Ottoman-Turkish state moved without compromise to destroy all Armenian
socio-economic, cultural and political life throughout the Empire. The
ANLM in a sense was leading a nation not in vigorous ascent but in
retreat before the impossible odds of a state sponsored Turkish
nationalism in alliance with European imperial powers.

This is a bitter reality suggested by a reading not just of Boghossian
but of 19th and 20th Armenian history generally. One must examine
this. The truth will allow us to see more clearly the processes of
historical development in Armenia prior to and after 1915 and possible
paths of Armenian recovery and progress in the next decades of the 21st
century.

NOTES

1.
Across the 19th century this Armenian majority was steadily eroded by
plunder, slaughter, poverty, forced conversion to Islam and forced
migration. Still Armenians remained a decisive majority right to the
Genocide. Noting this, it needs to be added also that whatever the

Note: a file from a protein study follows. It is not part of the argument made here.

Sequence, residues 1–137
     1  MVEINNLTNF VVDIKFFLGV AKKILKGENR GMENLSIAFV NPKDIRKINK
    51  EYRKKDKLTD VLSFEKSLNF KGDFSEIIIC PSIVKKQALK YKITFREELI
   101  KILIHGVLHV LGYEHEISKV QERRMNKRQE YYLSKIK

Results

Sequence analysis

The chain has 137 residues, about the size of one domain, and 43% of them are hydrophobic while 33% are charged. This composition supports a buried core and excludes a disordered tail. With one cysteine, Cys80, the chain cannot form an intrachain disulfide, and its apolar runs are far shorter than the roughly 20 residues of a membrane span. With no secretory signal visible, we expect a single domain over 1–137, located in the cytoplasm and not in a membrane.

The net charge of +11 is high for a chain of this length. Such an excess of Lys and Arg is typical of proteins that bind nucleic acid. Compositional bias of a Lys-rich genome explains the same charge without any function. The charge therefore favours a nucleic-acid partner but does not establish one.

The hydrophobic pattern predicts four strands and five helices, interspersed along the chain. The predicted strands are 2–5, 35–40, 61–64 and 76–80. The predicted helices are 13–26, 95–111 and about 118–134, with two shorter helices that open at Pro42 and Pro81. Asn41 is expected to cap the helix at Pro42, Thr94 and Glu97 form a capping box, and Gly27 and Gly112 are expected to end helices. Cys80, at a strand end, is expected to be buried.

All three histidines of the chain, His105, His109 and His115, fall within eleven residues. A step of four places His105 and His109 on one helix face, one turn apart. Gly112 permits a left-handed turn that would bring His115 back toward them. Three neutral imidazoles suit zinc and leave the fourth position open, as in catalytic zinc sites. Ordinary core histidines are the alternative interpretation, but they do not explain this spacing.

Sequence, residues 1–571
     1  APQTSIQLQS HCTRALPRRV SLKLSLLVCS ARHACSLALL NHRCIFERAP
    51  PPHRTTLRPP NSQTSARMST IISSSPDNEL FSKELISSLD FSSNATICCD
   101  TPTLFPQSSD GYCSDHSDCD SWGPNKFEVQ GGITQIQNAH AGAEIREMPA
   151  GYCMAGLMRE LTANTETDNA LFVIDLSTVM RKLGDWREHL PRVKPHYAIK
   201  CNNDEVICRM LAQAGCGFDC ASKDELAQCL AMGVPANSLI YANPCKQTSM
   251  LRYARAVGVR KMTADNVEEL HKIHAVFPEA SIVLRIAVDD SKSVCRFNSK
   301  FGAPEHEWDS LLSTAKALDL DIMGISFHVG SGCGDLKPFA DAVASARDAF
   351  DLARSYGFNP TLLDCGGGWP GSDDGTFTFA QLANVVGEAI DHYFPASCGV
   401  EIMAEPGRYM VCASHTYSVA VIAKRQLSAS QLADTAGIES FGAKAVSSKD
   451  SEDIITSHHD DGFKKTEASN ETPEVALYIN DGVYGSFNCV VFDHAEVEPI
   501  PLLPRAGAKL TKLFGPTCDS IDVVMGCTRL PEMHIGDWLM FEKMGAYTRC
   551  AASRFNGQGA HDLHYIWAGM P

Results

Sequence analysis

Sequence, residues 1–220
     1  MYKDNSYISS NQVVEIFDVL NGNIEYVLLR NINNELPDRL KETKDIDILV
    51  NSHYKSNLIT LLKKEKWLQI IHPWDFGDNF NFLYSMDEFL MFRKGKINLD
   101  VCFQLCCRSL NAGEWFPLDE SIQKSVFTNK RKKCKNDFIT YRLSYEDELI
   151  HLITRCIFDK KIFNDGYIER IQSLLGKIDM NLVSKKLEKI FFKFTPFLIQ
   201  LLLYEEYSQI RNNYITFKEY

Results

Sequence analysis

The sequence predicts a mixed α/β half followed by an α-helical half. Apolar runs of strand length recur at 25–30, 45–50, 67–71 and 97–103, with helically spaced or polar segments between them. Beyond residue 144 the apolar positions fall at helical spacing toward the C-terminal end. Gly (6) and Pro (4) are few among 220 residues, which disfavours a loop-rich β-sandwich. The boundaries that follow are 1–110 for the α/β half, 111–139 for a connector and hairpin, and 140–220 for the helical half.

proportions of Kurds, Turks or Armenians these regions were always
multi-national with each community having a rightful place.

2.
With the decline of the Armenian principalities in Garabagh, the centre
of national revival in historical homelands seems to shift to Sasun.
There one Bishop Hovhanan a spirited churchman in alliance with Kurdish
Bey Makhsud pushed to strengthen positions vis-rough mobilising Armenian
armies in alliance with Georgian royalty, Kurds and Assyrians. This
enterprise did not last and by the 1780s both Hovnan and Emin had gone
and Ottoman power had imposed substantial reigns upon Kurdish feudal
forces.

3.
An adequate grasp of the collapse of Armenian-Kurdish harmony requires a
full study of Kurdish nation formation and of the logic that drove the
Kurdish elite of the time into alliance with the Ottoman Turkish State.
It was this Turkish-Kurdish alliance that was to be Armenian Sasun's
death sentence and indeed a major factor in the Ottoman State's and
Young Turk's destruction of Armenian national life in the Ottoman
Empire.


--
Eddie Arnavoudian holds degrees in history and politics from
Manchester, England, and is Groong's commentator-in-residence on
Armenian literature. His works on literary and political issues have
also appeared in Harach in Paris, Nairi in Beirut and Open Letter in
Los Angeles.